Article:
Ignorance, Fear, or Faith
1In the meantime, when so many thousands of the people had gathered together that they were trampling one another, he began to say to his disciples first, “Beware of the leaven of the Pharisees, which is hypocrisy. 2Nothing is covered up that will not be revealed, or hidden that will not be known. 3Therefore whatever you have said in the dark shall be heard in the light, and what you have whispered in private rooms shall be proclaimed on the housetops. 4I tell you, my friends, do not fear those who kill the body, and after that have nothing more that they can do. 5But I will warn you whom to fear: fear him who, after he has killed, has authority to cast into hell. Yes, I tell you, fear him! 6Are not five sparrows sold for two pennies? And not one of them is forgotten before God. 7Why, even the hairs of your head are all numbered. Fear not; you are of more value than many sparrows. 8And I tell you, everyone who acknowledges me before men, the Son of Man also will acknowledge before the angels of God, 9but the one who denies me before men will be denied before the angels of God. 10And everyone who speaks a word against the Son of Man will be forgiven, but the one who blasphemes against the Holy Spirit will not be forgiven. 11And when they bring you before the synagogues and the rulers and the authorities, do not be anxious about how you should defend yourself or what you should say, 12for the Holy Spirit will teach you in that very hour what you ought to say.”
Luke presents two huge topic for consideration in this passage; blasphemy and hypocrisy. And throughout the last 2,000 years, believers have sometimes questioned their own faith because of a fear of both. Let’s deal with the easy one first – hypocrisy. The term hypocrite came from the world of Greek drama. It was used to describe the masks that the players used to dramatize certain roles. Even today, the theatre is symbolized by the twin masks of comedy and tragedy. In antiquity, certain players played more than one role, and they indicated their role by holding a mask in front of their face. That’s the origin of the concept of hypocrisy.
The charge of “hypocrite” was often lobbed at the Pharisees by Jesus. Hypocrisy is insidious and hugely influential. Most of the time you may not even know you are held within its claws. It has the power to slowly and subtly erode your faith until there’s nothing left. You’re “good person” mask is held firmly in place by your own pride and your faith just drips away. You stand as your own judge and jury. You claim to rise to at least your own standards and fail at even that. This is hypocrisy. Our self-righteousness is simply a cover up for our own wickedness. Hypocrisy threatens our eternal lives because it is filled with delusion. Belief in yourself and your good works for salvation is the road to destruction.
Blasphemy is a little slipperier. There are those who teach that once you blaspheme, that’s it. You’re out of God’s Kingdom forever. I’m not quite sure that’s what the Scripture is teaching here. Blaspheme is to curse the name of God and deny Him from coming into your life. In the Old Testament, the blasphemer was immediately stoned to death and I could see how one might assume that meant eternal damnation. That wouldn’t leave much room for repentance. But in the New Testament, we see prominent people (specifically Saul [Pau] and Peter) who make drastic mistakes about Jesus and yet are restored to the Kingdom and become strong defenders of the faith.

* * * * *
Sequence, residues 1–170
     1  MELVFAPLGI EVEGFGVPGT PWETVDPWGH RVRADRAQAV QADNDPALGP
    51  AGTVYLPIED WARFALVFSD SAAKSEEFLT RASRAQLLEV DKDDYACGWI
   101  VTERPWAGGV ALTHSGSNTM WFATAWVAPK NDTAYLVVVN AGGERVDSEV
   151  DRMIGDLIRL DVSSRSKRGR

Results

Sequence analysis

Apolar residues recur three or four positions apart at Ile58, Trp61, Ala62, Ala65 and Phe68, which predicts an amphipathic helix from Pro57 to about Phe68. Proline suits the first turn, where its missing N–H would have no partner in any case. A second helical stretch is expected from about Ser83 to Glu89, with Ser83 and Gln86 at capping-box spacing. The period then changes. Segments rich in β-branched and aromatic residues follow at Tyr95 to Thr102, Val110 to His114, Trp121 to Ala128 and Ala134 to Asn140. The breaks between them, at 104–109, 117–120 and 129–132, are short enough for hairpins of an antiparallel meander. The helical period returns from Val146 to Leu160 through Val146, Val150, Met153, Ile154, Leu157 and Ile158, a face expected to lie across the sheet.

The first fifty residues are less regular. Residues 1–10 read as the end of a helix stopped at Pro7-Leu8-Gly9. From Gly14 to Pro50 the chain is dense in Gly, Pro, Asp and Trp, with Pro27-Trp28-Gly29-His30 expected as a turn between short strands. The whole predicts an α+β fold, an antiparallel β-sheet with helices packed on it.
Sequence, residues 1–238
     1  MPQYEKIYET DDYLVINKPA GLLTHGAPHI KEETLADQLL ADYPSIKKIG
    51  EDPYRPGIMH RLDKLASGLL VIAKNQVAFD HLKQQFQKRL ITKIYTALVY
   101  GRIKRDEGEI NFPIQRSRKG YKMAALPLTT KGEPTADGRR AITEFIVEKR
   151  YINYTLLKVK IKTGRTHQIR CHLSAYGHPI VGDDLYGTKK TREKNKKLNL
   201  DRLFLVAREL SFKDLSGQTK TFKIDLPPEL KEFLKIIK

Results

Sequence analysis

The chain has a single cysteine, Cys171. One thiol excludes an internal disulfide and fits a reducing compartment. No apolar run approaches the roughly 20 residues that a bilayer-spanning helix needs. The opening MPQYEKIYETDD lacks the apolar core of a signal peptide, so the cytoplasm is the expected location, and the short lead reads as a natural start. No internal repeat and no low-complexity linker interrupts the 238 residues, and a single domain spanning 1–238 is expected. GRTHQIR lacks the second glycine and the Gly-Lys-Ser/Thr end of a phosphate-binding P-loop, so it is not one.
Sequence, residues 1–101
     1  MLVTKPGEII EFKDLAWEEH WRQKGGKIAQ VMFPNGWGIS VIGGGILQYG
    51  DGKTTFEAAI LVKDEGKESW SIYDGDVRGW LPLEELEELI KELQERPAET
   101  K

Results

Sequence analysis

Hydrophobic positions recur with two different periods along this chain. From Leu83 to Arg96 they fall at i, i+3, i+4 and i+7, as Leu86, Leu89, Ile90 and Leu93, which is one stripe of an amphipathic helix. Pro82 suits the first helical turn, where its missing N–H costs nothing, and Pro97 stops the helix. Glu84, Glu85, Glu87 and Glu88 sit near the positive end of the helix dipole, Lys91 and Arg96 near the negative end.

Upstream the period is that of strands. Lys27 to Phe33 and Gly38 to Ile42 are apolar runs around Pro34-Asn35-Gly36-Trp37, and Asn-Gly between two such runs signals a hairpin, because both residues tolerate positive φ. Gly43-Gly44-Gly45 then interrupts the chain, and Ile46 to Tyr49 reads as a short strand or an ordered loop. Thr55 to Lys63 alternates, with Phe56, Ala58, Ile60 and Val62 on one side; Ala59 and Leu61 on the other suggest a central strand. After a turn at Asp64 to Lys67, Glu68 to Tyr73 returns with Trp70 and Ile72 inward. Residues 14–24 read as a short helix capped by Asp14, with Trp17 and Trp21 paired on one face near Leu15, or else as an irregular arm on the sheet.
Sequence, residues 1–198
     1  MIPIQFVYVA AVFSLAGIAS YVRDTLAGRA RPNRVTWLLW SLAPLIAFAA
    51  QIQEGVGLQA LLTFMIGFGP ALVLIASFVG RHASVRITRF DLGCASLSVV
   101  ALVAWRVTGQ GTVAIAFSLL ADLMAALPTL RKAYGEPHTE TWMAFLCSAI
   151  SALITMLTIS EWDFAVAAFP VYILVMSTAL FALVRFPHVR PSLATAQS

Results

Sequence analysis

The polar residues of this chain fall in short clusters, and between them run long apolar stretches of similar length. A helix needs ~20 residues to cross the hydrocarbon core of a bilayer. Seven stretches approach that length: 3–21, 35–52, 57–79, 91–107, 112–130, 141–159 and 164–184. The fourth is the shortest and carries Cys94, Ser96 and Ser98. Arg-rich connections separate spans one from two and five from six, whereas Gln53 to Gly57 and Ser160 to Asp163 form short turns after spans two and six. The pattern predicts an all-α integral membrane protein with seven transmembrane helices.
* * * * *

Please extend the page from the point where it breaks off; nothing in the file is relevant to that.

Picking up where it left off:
A word against Christ may be spoken in ignorance (Saul) or in fear (Peter). One who has spoken against the Son of Man can be brought to repentance and faith, even if he was a blasphemer, as was Saul. One who has fallen away and publicly denied Christ can be brought back to repentant faith again, as was Peter. In both cases, such a person will be forgiven. Blasphemy against the Spirit is a conscious, informed rejection and reviling of the Spirit after the Spirit has provided ample testimony that Jesus is the Christ. As such, this sin is possible only where the Gospel has been present and the illuminating rays of the Spirit have been shining. It is saying that the divine Spirit, who has been upon John and Jesus—and who speaks today through all the Scriptures, revealing the forgiveness of sins provided by Jesus’ sacrificial death—is a liar, of the devil, the father of lies. But - the sin of blasphemy against the Holy Spirit in a way that does not preclude the possibility that the offender may be restored to repentance and faith during his earthly lifetime.
Just, A. A., Jr. (1997). Luke 9:51–24:53. St. Louis: Concordia Publishing House.
So, because God is gracious and merciful first, there is always room for repentance while we stand on this side of the veil. We, first of all, have no right to condemn another. That power belongs to God alone. Since that is the case, we pray for a reversal in their thinking and leave them in God’s hands. I’ve seen over and over how God will chase down even the blasphemer and hold out the gift of grace to those who have denied Him. No one is hopelessly lost until they have passed from this life. Blessed be the name of the Lord!